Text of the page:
4-H: Cruel to animals and kids
By Jennifer O’Connor, PETA
November 2, 2009
Like most little girls, my stepdaughter loves animals. She joined a local 4-H club when she was 9, solely because "cows are cool." Now that the fall 4-H animal auctions are upon us, I can't help but remember Bonnie's first "assignment" a beautiful cow named Dana with long lashes and ears as soft as velvet. We all grew to love Dana, but none more so than Bonnie, who spent hours grooming her and walking her on a lead.
I had misgivings about Bonnie's decision to join 4-H: Unlike an unsuspecting 9-year-old, I knew the ultimate fate of the cows and other animals used in this program.
My fears were realized a couple years into the program when Bonnie learned that Meredith, another one of "her" cows, who was sick and unable to reproduce, had been sold to slaughter for a mere $75. To see such a deep bond so ruthlessly broken was a painful and eye-opening lesson for Bonnie. Her club leader was genuinely puzzled and irked by Bonnie's tears, dismissing her as "sentimental."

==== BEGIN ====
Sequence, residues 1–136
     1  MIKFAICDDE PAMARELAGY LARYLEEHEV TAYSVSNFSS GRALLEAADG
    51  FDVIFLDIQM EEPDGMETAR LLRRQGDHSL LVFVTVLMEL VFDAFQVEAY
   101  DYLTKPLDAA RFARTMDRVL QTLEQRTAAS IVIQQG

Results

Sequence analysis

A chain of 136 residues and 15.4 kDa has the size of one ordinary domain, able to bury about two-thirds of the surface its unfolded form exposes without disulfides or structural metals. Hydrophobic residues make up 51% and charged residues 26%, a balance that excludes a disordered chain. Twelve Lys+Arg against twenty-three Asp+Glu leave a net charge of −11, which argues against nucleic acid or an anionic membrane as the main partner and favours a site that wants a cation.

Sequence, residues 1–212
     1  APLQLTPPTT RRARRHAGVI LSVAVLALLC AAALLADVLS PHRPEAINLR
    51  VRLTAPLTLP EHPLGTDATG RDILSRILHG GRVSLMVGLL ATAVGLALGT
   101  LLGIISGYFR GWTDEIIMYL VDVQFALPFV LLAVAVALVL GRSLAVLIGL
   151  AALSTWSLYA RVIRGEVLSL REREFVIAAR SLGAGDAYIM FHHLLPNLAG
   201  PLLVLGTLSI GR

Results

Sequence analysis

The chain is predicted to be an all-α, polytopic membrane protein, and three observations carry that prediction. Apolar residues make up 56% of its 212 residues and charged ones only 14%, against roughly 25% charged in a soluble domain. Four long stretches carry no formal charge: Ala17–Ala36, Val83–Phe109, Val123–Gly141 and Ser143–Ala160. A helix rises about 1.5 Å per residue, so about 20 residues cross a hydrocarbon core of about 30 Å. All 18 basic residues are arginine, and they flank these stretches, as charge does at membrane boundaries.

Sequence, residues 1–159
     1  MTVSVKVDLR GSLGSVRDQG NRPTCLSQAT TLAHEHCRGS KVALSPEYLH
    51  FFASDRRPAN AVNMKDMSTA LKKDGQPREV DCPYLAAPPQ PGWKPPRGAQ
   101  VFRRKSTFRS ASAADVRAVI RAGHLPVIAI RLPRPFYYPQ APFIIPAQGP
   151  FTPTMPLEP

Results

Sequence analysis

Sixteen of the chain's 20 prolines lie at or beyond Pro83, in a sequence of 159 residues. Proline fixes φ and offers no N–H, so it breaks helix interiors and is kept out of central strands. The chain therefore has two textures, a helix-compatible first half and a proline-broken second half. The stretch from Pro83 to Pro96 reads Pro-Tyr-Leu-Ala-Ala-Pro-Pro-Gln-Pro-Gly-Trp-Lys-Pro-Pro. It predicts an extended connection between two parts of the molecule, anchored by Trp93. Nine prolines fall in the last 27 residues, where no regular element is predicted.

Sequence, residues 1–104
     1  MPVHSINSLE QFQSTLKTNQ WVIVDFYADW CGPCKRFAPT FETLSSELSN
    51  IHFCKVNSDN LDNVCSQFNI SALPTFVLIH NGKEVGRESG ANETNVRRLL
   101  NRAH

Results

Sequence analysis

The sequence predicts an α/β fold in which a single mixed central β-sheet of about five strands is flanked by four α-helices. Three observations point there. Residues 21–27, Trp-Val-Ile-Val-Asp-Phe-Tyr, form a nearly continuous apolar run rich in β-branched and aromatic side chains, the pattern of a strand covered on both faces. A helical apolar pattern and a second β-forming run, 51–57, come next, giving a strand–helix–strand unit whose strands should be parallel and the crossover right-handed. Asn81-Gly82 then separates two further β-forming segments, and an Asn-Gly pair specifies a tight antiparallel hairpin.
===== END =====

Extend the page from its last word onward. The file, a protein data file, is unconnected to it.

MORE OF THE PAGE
Dana, Meredith, Kath, Elise, Lola. They all had names, personalities and quirks. None was like the others except in one critical way. Like all cows used to provide milk for human consumption, these cows were treated as breeding machines and were artificially impregnated again and again.
If there were ever animals that lived the easy life, it would be 4-H calves. These animals are pampered more than most people will ever experience. The point of these projects isn’t to make pets out of these livestock, it’s to teach proper animal handling, care and responsibility. It’s also to teach the next generation about food production. With that in mind, I would actually be worried about the 4-H kid that isn’t a little sad to see their livestock go down the road at the end of their time. After all, they have spent months caring for them and they should be proud of job they did. But I also know from my experience how proud I was when the person that bought my calf told me how great the beef tasted. After all, that was my ultimate goal. If PETA wants to criticize 4-H for teaching life lessons, then 4-H should wear that as a badge of honor. I’m proud of the fact that the 4th generation of my family is now starting 4-H. The lessons I learned in 4-H have served me well in my life. ~TH